Laura Lamb’s ‘Fair Weather’ has all the delicious ingredients of a fairytale: a boy with childish faith in the unreal, a plucky older sister, guardian grandparents, old-timey music, ghostly carnivals, sea adventures, and oblique references to the old ways in the Old World—but it never suffers from the flatness or moral bluntness of a classic fairytale.
Lamb builds robustness by adding in layers to the characters; the sister, Rose, edging from childhood naivety into adult skepticism is introspective and astute about her brother; Charlie, the brother, is precocious but also realistically tantrummy. Left to their own devices, the two experience something inexplicable, magical, and of the moment. It’s not a grand adventure, nobody needs slaying or rescue or defending; the day asks only that they be together, present, and open to the fleeting strangeness that crosses between the boundaries of worlds.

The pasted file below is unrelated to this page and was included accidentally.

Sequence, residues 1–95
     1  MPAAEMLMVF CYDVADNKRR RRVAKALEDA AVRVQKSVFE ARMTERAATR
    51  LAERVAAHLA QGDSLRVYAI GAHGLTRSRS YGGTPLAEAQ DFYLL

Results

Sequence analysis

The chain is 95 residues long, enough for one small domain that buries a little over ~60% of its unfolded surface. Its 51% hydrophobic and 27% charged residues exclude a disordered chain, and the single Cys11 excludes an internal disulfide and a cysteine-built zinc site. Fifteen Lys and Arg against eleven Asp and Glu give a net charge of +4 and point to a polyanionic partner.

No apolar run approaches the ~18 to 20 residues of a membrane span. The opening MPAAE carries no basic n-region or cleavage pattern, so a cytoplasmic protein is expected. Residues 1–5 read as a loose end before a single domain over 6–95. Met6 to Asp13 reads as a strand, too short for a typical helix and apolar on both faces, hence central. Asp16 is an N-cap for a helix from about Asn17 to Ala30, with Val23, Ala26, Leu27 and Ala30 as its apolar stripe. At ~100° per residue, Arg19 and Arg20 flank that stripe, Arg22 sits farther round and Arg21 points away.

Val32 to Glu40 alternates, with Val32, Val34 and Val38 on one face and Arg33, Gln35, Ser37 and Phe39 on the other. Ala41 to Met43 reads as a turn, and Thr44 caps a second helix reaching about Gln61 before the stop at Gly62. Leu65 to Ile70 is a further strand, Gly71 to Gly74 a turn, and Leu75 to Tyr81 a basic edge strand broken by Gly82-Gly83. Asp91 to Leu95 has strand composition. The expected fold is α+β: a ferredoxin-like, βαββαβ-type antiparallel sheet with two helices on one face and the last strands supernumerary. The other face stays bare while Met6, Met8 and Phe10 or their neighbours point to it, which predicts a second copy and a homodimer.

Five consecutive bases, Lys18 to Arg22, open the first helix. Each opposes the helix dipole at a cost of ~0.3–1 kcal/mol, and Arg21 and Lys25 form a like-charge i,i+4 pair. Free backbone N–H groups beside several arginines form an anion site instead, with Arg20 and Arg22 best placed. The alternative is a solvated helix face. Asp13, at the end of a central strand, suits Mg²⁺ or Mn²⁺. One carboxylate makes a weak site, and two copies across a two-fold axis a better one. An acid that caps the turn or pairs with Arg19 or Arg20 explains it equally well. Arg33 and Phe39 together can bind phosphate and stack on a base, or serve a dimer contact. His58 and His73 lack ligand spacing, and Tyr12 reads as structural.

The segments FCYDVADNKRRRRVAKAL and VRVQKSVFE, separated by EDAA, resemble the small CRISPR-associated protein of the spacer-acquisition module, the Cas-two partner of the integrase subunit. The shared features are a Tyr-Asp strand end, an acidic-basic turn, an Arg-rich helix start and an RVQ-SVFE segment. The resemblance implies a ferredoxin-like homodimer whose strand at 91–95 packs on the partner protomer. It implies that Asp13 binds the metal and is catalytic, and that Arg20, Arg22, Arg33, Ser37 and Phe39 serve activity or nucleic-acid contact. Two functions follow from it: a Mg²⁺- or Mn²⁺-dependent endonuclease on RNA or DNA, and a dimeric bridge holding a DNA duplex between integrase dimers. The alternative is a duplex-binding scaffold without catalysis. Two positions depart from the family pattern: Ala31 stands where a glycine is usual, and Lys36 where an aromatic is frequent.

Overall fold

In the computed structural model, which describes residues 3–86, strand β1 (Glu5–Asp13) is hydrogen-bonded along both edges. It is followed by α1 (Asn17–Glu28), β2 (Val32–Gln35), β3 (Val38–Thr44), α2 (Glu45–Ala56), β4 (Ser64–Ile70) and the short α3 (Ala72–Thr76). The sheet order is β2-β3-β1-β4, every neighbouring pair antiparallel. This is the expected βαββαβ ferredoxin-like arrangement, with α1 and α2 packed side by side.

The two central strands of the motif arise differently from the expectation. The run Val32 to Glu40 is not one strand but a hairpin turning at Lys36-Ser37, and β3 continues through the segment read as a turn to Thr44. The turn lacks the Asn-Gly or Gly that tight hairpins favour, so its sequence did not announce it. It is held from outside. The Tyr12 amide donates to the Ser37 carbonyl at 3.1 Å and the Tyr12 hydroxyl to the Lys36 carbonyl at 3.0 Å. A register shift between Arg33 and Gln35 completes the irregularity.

Loosely placed in a modern era, the sensible and workaday attitude of the kids mixes with the fairytale surrealism for an interesting vintage chic story. Take a break from your day, and like Charlie and Rose, be open to the magic to come.